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EADS? Egads! January 21, 2010

Posted by Maury Markowitz in solar power satellites.

Who’s the latest company to float the space power trial ballon? That would be EADS Astrium, with another hand-waving article about IR lasers and space power. Sigh.

Here’ lets do the math people…

The panels I use are 220 W each, and weight 20 kg. So each 1 kW of installed system needs 90 kg of panels.

Here in Toronto you’ll get about 1250 kWh of power for every 1 kW of panels you install. So divide that through to get 13.88 kWh per kg per year. Those panels will last about 25 years, on average, so over their lifetime you’re looking at 350 kWh of electricity, per kg.

So far so good?

Now take that panel into space. In space there’s no night, no clouds, and good pointing angles. This means you’ll get about 8,750 kWh per kW of panels you install. However, those panels are subject to a constant rain of particles, and generally only last 12 years. So that means every 1 kW of panel gets you 105,000 kWh of power. Sadly, as much as half of that is lost in transmission, but I’m going to completely ignore that for now.

So, that same 90 kg of panels is now going to generate 105,000 kWh of power, which is a hair under 1200 kWh per kg over their lifetime.

At this very second, baseload power is selling in Ontario for 3.3 cents a kWh. At 350 kWh per kg, in Toronto you’ll get $11.55 per kg. The same panels in space at 1200 kWh will produce $39.60. So that means the economic benefit of placing them in space is $28 per kg.

Current launch rates to GEO are $12,000 a kg. So in order for space-based power to get to the break even point, let alone being worthwhile, launch costs have to fall by three orders of magnitude.

The math is inescapable. Futz with your favourite technology and run the numbers yourself. Remember that anything that improves the price/performance or weight/performance of the panels also improves the economics of the same system on Earth, the only place you can get these three orders is from the launchers.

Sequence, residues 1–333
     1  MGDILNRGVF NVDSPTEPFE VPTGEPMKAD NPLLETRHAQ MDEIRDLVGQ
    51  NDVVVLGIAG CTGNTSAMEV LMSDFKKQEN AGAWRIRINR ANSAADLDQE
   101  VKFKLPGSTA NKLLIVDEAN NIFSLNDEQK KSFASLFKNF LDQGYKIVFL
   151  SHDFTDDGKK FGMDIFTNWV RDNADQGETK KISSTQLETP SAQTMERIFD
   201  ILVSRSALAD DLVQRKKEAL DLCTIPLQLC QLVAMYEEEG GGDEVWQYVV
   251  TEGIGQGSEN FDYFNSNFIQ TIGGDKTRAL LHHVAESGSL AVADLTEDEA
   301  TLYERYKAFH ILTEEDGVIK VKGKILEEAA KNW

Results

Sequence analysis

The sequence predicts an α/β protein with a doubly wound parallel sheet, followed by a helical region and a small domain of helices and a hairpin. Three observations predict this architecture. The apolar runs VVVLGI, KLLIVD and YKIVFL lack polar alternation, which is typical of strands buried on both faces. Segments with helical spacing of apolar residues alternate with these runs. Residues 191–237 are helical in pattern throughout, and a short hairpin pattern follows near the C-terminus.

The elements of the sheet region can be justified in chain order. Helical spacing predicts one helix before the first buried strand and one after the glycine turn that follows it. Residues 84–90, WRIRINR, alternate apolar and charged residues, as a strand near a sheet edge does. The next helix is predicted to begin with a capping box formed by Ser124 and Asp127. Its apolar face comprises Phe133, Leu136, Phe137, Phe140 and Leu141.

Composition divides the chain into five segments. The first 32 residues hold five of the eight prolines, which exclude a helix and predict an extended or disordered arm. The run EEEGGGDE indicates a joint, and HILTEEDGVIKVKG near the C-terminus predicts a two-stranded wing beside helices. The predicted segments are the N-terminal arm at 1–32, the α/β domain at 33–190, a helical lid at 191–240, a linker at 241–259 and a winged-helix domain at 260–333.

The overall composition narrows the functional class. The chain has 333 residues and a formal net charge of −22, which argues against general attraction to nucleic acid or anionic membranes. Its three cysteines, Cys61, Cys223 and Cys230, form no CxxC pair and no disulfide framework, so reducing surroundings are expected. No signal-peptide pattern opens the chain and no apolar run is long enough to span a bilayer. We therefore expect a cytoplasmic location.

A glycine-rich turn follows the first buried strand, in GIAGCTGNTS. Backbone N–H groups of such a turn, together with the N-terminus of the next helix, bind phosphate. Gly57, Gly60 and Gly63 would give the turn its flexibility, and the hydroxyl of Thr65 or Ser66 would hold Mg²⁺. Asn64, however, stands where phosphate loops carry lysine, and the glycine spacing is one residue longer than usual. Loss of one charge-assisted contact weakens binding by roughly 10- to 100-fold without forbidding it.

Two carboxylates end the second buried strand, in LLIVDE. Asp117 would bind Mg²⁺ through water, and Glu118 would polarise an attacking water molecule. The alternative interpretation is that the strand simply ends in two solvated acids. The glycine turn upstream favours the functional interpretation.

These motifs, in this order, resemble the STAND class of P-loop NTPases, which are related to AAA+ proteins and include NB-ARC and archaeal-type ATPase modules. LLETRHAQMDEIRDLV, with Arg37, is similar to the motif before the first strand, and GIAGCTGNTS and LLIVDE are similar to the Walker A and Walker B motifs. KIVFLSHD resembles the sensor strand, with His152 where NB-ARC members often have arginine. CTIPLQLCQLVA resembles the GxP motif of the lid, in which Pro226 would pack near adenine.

Talk about the space cannons and electro-pults all you want, none of those actually exist, and even their proponents only suggest two orders of magnitude improvements.


1. Ivan - January 22, 2010

I agree with your points – somehow all those semi-tech articles always focus only on the transmission aspect, as I guess the concept of blasting a microwave at Earth is the lowest hanging fruit in there (is it going to fry the geese that fly through it, har-har?)

But one thing I don’t understand is why everyone keeps on jumping on that same bandwagon. Clearly, for the researchers, it’s about governments throwing money at you to play with lasers and satellites. It doesn’t get much cooler than that. There seem to be, however, many large companies also involved, and they seem to be spending some of their own money. On a project that doesn’t break even before a multiple orders of magnitude miracle. Is there some sort of a patent race going on?

Maury Markowitz - January 23, 2010

I think the important thing to note is who keeps jumping on the bandwagon. In every single case, it’s a company that builds rockets, or someone who formerly worked in the aerospace industry. This is all just an excuse to build more rockets.

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